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Drama Desk Award–Winning Actress Visits Theatre and Dance

In Austin to perform her new play Let Me Down Easy at ZACH Theatre, acclaimed actress, playwright and professor, Anna Deavere Smith visited the Department of Theatre and Dance on May 1st to share her insight and experiences with an audience of students and faculty.

Held in the Oscar G. Brockett Theatre, the open discussion with Ms. Smith was an opportunity for students to learn about her work and the intimate creative process and performance of Let Me Down Easy. Inspired by a series of interviews Ms. Smith began conducting almost 10 years ago, Let Me Down Easy has evolved as she listened to the stories of doctors, patients, musicians, athletes, models, cowboys, and journalists including Gov. Ann Richards and Lance Armstrong.

MFA in Acting candidate, Smaranda Ciceu attended the discussion and asked Ms. Smith how solitary work on stage affects her daily life. Ms. Smith answered by saying, "She is not alone, she has the text. The text is constructed in such a way that pushes the energy forward to the end," Ciceu explained.

MFA in Playwriting candidate, Jenny Connell continued to describe Ms. Smith's explanation of her work. "The thing that most struck me, in listening to her, was the primacy she seems to place on LANGUAGE, the idea that in repeating and internalizing and SHARING the spoken word, we take it on in a way that makes it flesh...She was so clearly drawing on a broad and deep pool of knowledge, both about theater but about other threads of scholarship — it affirmed, for me, that it is our job to know about the world, and to let that knowledge inform not just our work, but the questions we ask that lead to the work," Connell said.

Ms. Smith's work in the theater explores American character and our multifaceted national identity. She has won numerous awards, among them two Obies, two Tony nominations and a MacArthur fellowship. She was runner up for the Pulitzer Prize for her play Fires In the Mirror. She is said to have created a new form of theater. Her work combines the journalistic technique of interviewing her subjects with the art of interpreting their words through performance. Other plays include Twilight Los Angeles, and House Arrest. The New York Times called her "the ultimate impressionist, she does people's souls." She has appeared on the television shows The West Wing, Presidio Med, The Practice, and the new Showtime television series, Nurse Jackie. Films include Rachel Getting Married, The American President, Philadelphia, The Human Stain, Life Support, and Dave. Her plays include Twilight: Los Angeles, 1992; Fires in the Mirror; and House Arrest. Her books include Talk To Me and Letters to A Young Artist. A professor at New York University, she is also the founding director of the Institute on the Arts and Civic Dialogue, a center for artistic excellence addressing social change.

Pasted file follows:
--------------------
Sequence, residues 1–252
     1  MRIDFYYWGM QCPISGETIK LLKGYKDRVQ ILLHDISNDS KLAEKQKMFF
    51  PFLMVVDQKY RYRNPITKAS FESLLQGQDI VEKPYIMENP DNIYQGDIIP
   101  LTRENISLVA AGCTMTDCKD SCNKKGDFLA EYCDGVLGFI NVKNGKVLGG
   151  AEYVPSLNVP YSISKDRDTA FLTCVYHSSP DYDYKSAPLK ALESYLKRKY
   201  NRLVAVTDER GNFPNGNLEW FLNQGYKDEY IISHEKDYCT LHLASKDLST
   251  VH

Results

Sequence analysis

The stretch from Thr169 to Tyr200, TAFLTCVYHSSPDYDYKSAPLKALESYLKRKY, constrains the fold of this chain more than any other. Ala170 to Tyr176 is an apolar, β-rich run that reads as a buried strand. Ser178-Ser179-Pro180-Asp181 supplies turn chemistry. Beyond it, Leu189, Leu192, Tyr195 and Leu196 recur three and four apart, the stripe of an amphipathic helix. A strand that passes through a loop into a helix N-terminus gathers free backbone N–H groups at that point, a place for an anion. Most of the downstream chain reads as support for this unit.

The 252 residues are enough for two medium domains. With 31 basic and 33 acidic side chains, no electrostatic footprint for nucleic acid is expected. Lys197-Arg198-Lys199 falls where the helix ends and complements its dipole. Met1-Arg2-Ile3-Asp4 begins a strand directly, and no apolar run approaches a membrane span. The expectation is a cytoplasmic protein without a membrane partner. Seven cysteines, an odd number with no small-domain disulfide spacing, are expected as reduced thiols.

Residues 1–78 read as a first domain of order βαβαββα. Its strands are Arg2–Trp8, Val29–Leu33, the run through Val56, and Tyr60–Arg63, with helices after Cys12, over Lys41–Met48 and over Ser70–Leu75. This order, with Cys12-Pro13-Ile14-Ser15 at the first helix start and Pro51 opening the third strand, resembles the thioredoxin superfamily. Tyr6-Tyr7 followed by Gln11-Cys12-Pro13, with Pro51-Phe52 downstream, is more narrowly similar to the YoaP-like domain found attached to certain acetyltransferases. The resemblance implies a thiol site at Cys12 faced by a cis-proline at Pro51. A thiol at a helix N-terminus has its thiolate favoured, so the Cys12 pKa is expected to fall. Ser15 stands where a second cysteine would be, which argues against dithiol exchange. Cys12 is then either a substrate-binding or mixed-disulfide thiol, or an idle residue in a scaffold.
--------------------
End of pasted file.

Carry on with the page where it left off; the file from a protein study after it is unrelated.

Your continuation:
Let Me Down Easy runs through May 10. $15 Student Rush Tickets available for all performances. 

Friday, May 8, 2009

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